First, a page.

By December 14, 2017 Read More →

Ontario electric truck rebate to roll out soon

Ontario electric truck rebate

The Kathleen Wynne government is hoping the Ontario electric truck rebate will be part of the province’s efforts to reduce its GHG emissions.  Tesla photo.

Ontario electric truck rebate part of Green Commercial Vehicle Program

The newly announced Ontario electric truck rebate could be worth up to $75,000 for buyers of electric trucks in Canada’s most populated province, according to a report by Reuters.

The rebate are offered through a $12 million fund for the fiscal year ending March 31, 2018.  The fund is part of the Green Commercial Vehicle Program, which will offer buyers rebates of up to 60 per cent of the incremental purchase cost of an electric truck, compared to an equivalent diesel-powered vehicle.

Reuters reports the Ontario government set a cap of $75,000 per vehicle.

The Green Commercial Vehicle Program provides rebates on other fuel-saving devices and will bring the province in line with other jurisdictions, including Quebec, California and New York states, which offer incentives to offset the higher costs of electric trucks.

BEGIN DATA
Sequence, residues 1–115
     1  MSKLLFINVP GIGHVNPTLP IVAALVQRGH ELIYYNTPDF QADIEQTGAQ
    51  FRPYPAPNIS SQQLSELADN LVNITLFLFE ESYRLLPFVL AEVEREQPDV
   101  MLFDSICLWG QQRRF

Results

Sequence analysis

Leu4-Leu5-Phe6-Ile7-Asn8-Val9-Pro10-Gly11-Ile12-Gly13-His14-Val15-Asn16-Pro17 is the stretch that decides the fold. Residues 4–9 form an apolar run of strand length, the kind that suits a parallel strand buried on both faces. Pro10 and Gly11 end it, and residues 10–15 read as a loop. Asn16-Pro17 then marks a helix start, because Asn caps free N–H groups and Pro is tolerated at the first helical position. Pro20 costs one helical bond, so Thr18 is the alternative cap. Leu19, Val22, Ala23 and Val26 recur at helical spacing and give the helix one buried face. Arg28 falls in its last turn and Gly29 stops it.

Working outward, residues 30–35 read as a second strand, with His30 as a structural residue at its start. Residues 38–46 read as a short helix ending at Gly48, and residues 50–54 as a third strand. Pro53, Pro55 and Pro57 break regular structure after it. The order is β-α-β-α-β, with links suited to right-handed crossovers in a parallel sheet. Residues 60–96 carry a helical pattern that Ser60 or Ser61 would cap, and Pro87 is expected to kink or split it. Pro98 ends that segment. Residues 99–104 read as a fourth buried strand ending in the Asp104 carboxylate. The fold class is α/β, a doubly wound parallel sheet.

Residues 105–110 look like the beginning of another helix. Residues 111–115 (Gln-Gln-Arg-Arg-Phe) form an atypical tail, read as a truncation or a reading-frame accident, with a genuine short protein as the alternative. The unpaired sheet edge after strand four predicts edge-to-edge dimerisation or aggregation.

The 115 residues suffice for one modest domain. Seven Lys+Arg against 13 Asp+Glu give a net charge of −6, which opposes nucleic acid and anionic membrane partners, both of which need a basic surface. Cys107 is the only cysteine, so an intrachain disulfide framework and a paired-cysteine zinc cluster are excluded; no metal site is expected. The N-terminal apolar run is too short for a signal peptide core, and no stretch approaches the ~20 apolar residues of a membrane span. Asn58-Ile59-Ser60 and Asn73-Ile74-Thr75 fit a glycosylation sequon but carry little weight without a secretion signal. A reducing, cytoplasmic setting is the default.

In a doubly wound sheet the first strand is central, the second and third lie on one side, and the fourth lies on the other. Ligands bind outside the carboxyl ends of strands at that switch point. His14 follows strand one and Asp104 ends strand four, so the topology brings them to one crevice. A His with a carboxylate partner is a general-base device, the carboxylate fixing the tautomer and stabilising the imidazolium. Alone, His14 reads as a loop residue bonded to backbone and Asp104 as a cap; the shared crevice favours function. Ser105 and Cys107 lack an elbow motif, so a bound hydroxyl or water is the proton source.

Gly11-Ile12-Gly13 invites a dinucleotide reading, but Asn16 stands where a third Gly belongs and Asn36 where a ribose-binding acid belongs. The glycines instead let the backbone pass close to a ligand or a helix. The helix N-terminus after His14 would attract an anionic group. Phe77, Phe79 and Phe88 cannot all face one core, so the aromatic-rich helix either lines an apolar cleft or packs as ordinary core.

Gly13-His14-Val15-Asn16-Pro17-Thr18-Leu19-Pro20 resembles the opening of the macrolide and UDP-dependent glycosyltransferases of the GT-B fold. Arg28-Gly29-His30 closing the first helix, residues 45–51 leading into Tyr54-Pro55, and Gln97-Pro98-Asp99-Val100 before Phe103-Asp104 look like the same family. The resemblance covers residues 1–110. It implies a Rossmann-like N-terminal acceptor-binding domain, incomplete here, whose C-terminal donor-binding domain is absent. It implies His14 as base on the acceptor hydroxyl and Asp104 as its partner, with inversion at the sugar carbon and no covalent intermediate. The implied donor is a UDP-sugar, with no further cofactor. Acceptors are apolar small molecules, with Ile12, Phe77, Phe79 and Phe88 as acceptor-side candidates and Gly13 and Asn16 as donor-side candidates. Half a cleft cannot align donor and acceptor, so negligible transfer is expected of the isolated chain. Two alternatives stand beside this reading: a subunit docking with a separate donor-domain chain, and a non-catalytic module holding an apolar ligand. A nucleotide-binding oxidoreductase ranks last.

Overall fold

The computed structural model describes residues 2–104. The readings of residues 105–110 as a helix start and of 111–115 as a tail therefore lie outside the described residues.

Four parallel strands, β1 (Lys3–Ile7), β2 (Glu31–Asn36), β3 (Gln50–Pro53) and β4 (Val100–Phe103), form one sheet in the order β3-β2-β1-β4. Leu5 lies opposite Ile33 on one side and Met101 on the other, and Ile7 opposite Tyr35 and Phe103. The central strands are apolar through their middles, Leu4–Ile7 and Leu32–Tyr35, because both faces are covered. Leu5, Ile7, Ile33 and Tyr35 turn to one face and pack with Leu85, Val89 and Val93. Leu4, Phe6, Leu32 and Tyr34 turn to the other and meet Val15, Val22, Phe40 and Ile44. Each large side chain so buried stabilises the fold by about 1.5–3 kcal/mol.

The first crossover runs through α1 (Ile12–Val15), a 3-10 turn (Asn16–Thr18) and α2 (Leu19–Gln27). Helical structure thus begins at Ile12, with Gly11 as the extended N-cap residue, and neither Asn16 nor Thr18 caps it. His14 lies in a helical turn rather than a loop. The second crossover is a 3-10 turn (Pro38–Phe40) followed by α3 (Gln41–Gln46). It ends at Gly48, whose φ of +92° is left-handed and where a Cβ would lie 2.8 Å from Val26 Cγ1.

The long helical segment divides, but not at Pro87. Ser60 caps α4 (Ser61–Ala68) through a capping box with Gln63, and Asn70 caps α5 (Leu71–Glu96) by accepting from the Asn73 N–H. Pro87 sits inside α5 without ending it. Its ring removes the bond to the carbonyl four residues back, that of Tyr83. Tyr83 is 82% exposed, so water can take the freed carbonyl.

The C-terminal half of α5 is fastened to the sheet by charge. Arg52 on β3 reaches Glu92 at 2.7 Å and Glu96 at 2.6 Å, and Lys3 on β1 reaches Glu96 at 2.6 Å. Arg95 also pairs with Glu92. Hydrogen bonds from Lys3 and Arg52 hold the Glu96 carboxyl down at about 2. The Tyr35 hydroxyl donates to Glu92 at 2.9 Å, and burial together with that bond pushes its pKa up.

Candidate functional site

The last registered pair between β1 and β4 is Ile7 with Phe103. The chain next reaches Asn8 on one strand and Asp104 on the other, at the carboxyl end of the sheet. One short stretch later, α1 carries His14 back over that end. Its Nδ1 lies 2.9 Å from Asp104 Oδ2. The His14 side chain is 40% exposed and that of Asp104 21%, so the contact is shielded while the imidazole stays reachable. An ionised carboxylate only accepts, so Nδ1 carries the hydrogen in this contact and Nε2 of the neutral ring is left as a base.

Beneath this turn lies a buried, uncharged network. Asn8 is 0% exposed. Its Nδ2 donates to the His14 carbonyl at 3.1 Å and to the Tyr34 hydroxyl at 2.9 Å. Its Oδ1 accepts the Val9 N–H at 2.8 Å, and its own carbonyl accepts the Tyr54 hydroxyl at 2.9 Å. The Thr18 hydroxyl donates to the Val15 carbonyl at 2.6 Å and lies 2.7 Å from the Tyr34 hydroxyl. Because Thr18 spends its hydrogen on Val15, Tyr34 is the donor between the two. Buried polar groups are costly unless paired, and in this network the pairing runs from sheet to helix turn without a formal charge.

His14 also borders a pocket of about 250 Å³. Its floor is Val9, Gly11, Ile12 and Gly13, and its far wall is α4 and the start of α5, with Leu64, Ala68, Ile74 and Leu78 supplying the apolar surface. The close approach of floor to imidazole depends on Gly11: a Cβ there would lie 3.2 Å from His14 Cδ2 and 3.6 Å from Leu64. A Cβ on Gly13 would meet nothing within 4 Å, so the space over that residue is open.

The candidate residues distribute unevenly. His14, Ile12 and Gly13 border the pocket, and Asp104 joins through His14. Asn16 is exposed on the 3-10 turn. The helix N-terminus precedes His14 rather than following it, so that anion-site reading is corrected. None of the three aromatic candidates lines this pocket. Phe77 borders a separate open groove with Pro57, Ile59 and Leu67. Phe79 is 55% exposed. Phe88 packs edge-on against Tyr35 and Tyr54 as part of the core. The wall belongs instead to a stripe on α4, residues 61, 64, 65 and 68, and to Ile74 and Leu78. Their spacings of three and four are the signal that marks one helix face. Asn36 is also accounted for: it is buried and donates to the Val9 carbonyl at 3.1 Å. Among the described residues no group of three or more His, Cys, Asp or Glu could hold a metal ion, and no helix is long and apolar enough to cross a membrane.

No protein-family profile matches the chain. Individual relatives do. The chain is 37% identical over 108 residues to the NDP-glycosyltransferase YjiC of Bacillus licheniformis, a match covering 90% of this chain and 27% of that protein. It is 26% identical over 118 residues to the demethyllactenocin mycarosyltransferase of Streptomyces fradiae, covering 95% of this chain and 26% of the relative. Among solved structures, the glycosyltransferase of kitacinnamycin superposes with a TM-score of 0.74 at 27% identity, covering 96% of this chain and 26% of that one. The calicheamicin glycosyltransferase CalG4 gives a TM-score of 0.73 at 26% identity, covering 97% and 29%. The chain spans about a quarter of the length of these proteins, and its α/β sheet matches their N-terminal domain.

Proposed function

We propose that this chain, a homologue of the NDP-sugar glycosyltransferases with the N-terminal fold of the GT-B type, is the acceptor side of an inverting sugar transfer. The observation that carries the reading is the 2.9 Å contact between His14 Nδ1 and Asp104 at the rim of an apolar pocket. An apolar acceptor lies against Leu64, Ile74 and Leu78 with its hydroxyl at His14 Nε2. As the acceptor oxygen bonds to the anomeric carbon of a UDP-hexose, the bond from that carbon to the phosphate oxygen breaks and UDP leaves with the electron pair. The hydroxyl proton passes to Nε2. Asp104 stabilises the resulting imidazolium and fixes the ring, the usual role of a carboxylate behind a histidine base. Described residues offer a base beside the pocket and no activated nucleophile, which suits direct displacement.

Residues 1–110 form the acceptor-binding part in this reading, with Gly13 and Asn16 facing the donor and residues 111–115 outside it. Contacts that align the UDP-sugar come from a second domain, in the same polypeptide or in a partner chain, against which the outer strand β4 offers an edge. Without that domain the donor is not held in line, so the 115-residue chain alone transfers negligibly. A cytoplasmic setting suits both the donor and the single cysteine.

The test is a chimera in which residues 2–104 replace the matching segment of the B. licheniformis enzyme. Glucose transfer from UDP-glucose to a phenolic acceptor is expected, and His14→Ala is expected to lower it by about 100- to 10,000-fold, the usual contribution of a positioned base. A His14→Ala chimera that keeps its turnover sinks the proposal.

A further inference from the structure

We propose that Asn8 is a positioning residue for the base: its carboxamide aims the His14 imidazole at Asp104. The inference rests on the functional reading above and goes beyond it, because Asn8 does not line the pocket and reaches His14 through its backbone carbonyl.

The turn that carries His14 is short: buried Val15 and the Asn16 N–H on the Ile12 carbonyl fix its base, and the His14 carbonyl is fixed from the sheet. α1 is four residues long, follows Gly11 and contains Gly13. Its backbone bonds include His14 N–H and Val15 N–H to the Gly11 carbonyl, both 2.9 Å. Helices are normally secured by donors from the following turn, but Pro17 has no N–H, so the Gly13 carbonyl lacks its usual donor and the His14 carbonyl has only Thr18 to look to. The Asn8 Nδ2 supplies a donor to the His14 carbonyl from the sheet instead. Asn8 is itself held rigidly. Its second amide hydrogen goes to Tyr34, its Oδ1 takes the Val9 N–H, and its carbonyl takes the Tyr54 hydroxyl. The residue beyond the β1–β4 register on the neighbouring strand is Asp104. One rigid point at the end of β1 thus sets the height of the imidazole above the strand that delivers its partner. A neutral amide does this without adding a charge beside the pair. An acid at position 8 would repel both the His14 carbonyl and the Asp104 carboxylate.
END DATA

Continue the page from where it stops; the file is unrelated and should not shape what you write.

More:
Following the unveiling of the Tesla Semi, Loblaw Cos Ltd was one of the first Canadian companies to pre-order trucks from the Palo Alto-based company.

Reuters reports that as of Dec. 12, Tesla has at least 285 reservations from companies in the US and Canada for its electric semi truck.

The province of Ontario introduced the rebate at the same time it is working to attract electric vehicle manufacturers and parts-suppliers.  In recent years the home of the Canadian auto industry has lost business to lower cost jurisdictions including Mexico and the southern US.

Chinese automaker BYD recently announced it will open a factory in Ontario to assemble 900 electric vehicles in the coming five years.  Economic Development Minister Brad Duguid said the Wynne government used in existing incentive program to attract BYD.

Ontario has set a goal of cutting GHG pollution to 15 per cent below 1990 levels by 2020, 37 per cent by 2030 and 80 per cent by 2050.

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